Hungry insects leave waxy ooze on treesQ: I have a pine tree that is oozing a waxy substance. There is so much of it that the rocks beneath the tree are shiny. I also noticed that the branches are covered with little black bugs. They look like they might have wings, but none of them are flying. The tree looks wet from the waxy substance and draws many flies. Do you have any idea what these insects are and how to fix the tree?
By: By Ron Smith, INFORUM
Q: I have a pine tree that is oozing a waxy substance. There is so much of it that the rocks beneath the tree are shiny. I also noticed that the branches are covered with little black bugs. They look like they might have wings, but none of them are flying. The tree looks wet from the waxy substance and draws many flies. Do you have any idea what these insects are and how to fix the tree? (e-mail reference)
A: The insects can be positively identified only by a visual inspection. The insect world is filled with too many lookalike characters to identify from your description. What is oozing is the sap these pests are feeding on because it is a carbohydrate-rich material.
The best way to control them is to visit a garden supply store and see if you can find some Bayer Advanced Tree and Shrub Insect Control. This is Merit (imidacloprid), which is very effective at controlling any plant-feeding insects. Be sure to follow label directions when using this material. It will call for a particular dilution and for the application to go around the base of the tree. Done properly, the effect of this insecticide will last up to 12 months. It needs to be absorbed into the vascular system of the tree so when the insects feed on the sap, they are killed.
It will take two to three weeks before the insecticide kicks in. It depends on the rate of growth of your tree. If you want faster effects, there are a number of insecticides on the market that are direct-kill products, such as those that contain Malathion.
Q: I have a question about a cherry tree I have. I know I can bake the cherries or eat them, but I do not know when to pick them off the tree. I have no idea if I should spray the tree or what else to look for. I also don’t know how to get rid of birds that are eating the fruit. (Spokane, Wash.)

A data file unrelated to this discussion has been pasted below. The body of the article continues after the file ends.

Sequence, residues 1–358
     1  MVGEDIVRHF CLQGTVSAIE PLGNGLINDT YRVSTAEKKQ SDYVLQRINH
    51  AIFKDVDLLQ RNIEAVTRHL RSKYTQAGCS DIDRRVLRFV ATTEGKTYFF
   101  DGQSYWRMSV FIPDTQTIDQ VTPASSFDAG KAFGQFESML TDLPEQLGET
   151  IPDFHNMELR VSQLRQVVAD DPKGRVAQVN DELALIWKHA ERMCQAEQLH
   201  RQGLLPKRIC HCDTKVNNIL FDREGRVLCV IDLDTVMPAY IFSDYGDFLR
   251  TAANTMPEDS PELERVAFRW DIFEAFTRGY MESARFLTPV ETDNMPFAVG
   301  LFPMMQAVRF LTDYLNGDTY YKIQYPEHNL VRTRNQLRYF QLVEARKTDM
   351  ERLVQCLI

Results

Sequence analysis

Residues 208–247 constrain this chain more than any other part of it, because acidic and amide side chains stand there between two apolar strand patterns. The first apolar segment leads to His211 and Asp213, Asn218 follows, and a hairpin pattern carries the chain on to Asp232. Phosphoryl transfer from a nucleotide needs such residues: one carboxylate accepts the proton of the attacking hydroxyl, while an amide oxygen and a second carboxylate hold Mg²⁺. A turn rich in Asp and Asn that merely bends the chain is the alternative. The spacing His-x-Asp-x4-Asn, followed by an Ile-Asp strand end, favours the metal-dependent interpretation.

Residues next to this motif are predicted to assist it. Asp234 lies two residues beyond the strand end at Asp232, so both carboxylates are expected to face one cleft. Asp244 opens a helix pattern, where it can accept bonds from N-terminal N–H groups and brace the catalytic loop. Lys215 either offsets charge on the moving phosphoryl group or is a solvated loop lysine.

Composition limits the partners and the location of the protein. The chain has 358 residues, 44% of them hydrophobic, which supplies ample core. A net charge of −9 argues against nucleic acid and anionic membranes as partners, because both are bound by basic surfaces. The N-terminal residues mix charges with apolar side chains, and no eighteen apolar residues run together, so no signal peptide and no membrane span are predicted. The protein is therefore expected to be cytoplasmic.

A: The best way to tell if the fruit is ready to be picked is to taste it! It’s a good sign that the fruit is ready when the birds become excited and start invading the tree, but often it is too late for you to enjoy the fruit because the birds eat the fruit in a wink of an eye.
There are a number of harmless approaches to getting rid of the birds. Hang old aluminum pie tins from the branches throughout the tree. Purchase an artificial owl that is stuffed or filled with helium. Other methods include using balloons or rubber snakes to scare the birds away. Use all or any of these tactics well before the fruit begins to ripen.
It’s a good idea not to use any sprays on the fruit unless insect or disease problems become unbearable. I advise you to get a professional arborist to prune the tree early next spring before blooming to maintain the health of the tree.
Q: I have been given a couple of offshoots of a fruiting avocado tree to plant in my yard. Am I likely to get fruit from the offshoots once they are established? Do I need to plant more than one? (Tampa, Fla.)
A: Avocados are self-fruiting. The fruit from a single tree usually will be sufficient. For heavier fruit set, even from fruit trees that are touted as being self-fruiting, the fruit load is increased significantly if another one can be planted nearby, usually within one-fourth mile.
Gardening or houseplant questions can be directed to: Hortiscope, Box 6050, NDSU Dept. 7670, Fargo, ND 58108-6050 or email@example.com
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